grammy post mortem 2019

Alicia Keys and Michelle Obama at the Grammy Awards, Photo by Kevin Winter/Getty Images

Unlike the Grammy Awards, we know how to keep a lid on things. We have limited our annual post mortem of the three-and-a-half plus hour televised carnival to 10 vital takeaways. Here is what it all boiled down to for The Musical Box.

+ Michelle Obama may just have been biggest pop star of the night. As part of an entourage that included Lady Gaga, Jennifer Lopez, Jada Pinkett Smith and show host Alicia Keys, the former first lady barely got five words out on a reflection of Motown music before the crowd went wild, sending the Grammys’ assertion of female star power into the stratosphere.

+ After Camila Cabello began the ceremony with a multi-story dance-pop block party version of “Havana,” Kacey Musgraves brought the Grammys back to earth with a stunning and sparse reading of “Rainbows” accompanied only by piano that proved a complete antithesis of the usual Grammy glitz. The mood didn’t last. The show quickly shifted to a performance of Janelle Monae’s Prince-meets-Kraftwerk blowout of “Make Me Feel.”

+ Non-rapping rapper Post Malone continued to confound as a song stylist, opening with a solo acoustic reading of “Stay” before turning to the dance-pop groove of “Rockstar” as he seemed to wander through the illuminated bowels of the Staples Center. He eventually resurfaced to jam with the Red Hot Chili Peppers (with Anthony Keidis looking a lot like that creepy actor from “Manos, Hands of Fate”) on “Dark Necessities.” Though a sloppy summit with no one coming off as a Caruso, it was nonetheless a fun genre-bashing mash up.

+ Anna Kendrick introduced a salute to Dolly Parton that included the Divine Ms. Dolly singing Neil Young’s “After the Gold Rush” with Maren Morris and Miley Cyrus (with the lyric about “getting high” glaringly whited out), a capable duet exchange with Cyrus on “Jolene” and an anthemic take on “Red Shoes” with Little Big Town where Parton’s vocals agelessly soared. The highlight, though, was watching Kacey Musgraves make musical mincemeat out of an ill-prepared/ill-matched Katy Perry during “Here You Come Again” before Parton joined in to take full ownership of her own tribute.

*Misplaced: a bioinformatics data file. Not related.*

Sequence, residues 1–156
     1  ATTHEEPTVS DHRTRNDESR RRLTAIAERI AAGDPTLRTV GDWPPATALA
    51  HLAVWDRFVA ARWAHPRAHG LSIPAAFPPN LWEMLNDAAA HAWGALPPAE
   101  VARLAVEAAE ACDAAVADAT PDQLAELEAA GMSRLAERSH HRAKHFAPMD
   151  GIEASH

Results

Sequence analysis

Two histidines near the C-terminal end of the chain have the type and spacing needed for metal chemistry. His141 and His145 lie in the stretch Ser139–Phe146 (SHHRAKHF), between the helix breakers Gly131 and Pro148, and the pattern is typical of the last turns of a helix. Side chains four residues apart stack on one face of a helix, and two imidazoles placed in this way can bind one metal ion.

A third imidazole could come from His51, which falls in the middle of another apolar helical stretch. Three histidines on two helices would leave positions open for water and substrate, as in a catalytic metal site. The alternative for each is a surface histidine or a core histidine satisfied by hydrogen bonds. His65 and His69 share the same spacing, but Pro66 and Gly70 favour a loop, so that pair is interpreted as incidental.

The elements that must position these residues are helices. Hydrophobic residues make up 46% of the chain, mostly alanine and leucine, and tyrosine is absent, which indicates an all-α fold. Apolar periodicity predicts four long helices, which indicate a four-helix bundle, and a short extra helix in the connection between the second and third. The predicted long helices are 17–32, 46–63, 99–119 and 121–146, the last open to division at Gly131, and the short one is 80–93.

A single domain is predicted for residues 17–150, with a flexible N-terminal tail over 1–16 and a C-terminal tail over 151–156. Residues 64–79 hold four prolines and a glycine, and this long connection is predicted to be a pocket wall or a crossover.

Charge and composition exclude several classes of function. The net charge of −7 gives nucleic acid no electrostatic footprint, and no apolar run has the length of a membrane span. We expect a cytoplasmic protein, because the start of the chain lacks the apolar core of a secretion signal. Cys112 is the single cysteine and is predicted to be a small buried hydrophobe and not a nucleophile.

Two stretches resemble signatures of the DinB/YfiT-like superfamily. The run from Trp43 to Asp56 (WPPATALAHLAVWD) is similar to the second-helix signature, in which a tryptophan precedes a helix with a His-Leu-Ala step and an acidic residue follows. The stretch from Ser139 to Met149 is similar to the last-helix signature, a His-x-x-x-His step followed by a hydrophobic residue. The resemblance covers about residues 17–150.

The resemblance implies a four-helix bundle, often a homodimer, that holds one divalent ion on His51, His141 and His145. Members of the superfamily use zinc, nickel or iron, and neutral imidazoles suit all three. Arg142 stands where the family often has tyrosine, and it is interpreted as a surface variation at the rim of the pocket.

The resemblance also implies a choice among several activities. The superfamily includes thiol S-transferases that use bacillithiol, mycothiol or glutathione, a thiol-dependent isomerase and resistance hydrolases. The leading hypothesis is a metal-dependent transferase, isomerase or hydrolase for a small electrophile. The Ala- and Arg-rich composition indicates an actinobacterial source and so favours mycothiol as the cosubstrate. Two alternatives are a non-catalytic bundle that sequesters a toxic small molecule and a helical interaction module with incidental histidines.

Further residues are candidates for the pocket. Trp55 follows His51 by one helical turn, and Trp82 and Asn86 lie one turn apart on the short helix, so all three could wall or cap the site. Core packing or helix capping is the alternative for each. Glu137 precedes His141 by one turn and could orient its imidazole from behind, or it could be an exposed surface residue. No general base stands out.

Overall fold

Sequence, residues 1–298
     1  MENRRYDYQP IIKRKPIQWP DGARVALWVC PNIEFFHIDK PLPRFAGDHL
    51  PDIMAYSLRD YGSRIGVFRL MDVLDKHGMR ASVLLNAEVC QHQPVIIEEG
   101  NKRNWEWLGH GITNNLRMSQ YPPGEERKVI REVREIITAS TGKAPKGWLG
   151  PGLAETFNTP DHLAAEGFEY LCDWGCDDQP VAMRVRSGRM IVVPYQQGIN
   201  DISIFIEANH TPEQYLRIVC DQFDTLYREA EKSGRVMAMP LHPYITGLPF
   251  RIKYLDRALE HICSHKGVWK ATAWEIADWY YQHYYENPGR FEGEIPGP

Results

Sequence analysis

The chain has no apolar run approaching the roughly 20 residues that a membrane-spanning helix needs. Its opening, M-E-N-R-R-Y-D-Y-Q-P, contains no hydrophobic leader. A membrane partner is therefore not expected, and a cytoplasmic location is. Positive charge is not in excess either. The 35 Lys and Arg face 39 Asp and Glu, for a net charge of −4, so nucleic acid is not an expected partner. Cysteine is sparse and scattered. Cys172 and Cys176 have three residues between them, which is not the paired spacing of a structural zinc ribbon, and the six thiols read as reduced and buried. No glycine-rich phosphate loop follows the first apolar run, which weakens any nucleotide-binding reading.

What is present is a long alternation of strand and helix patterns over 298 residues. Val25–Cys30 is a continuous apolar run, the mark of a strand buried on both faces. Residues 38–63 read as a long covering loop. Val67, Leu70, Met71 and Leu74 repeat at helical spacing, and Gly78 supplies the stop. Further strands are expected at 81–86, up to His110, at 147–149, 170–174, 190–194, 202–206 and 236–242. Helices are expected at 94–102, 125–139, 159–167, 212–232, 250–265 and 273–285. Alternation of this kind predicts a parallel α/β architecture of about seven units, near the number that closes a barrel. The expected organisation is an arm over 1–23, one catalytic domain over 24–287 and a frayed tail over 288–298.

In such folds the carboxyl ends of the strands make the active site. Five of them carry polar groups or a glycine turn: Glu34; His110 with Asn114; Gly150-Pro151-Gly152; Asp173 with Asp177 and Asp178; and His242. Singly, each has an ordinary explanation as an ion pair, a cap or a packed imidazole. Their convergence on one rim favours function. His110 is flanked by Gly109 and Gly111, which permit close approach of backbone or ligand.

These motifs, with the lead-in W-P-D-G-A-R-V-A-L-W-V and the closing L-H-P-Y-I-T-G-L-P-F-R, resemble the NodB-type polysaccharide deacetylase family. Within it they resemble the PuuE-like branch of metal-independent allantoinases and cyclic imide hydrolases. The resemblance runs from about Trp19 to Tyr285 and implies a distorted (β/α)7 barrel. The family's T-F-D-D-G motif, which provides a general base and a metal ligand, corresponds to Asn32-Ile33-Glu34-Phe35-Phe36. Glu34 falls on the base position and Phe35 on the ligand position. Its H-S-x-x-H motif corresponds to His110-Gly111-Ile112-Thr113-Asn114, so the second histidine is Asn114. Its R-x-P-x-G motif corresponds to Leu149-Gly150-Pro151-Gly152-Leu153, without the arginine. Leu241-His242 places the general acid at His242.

+ Sure, it would have great to have Kentucky’s own Chris Stapleton walk off with Country Album of the Year for the third time, but you will get no argument from me in handing the trophy over to the great Kacey Musgraves for the second time. In an age where country has shamelessly strayed further than ever from its homegrown roots, Musgraves, for “Golden Hour,” now rejoins a list of Grammy winning country album winners that includes Mary Chapin Carpenter, Lyle Lovett, Johnny Cash, Loretta Lynn and Sturgill Simpson. The Album of the Year win was the real surprise, especially to Musgraves. It didn’t take a lip reader to decipher her on-camera reaction: “What? What? What?”

+ Alicia Keys was already in the running for Coolest Grammy Host Ever, but she fully earned the title with an ambitious performance overview that used the dual piano playing of the late (and shamefully blacklisted) Hazel Scott as an inspiration. From there, she offered a hit parade that went from Scott Joplin to Roberta Flack to Nat King Cole to Lauryn Hill to Jay Z and more. Effortless and stunning.

+ Who would have expected the most to-the-bone assessment of the music business and the Grammys themselves to come from Drake? After winning Best Rap Song for “God’s Plan,” he delivered an eloquent but pointed dismissal of awards and high profile accolades. “If you have people who are singing your songs word for word, if you’re a hero in your hometown, if there are people who have regular jobs who are coming out in the rain and the snow, spending hard earned money to buy tickets to come to your shows, you don’t need this. You’ve already won.” The Grammys responded by immediately cutting to a commercial.

+ Introduced by her nine year old grandson, Diana Ross remained a way-larger-than-life presence during a medley of two songs that spanned nearly 25 years of her post-Supremes solo career – “The Best Years of My Life” and “Reach Out and Touch.” It was hardly a spotless vocal exhibition and the run of motivational banter that wound up with the singer wishing herself a happy birthday (she turns 75 next month) grew tiresome. But you expected subtlety from the still uproarious Ms. Ross?

+ Hard to fully grasp Lady Gaga’s performance of “Shallow.” It’s a killer song that lit the rock and soul fuse of “A Star is Born.” Here, she backed up the song’s potency with a vocal command few could have imagined when her career began to gain traction nearly a decade ago. So why all the histrionics and posing in a performance that, visually, bordered on the cliched? In a perhaps unanticipated manner, what you saw wasn’t necessarily what you got. Then again, that’s always been the way with Gaga?

+ Also choosing to de-glam from the Grammys was Brandi Carlile. She let the potency of “The Joke” speak through the lean drive of her band and projections of the song’s chorus lyrics onto a screen behind her. But the key to this prayer for marginalized souls was that voice – that booming, clear vocal bravado that Carlile sent to the moon and back by the song’s conclusion. In recent pop history, only k.d. lang has displayed anything that can match it. Carlile may have even outdistanced her.



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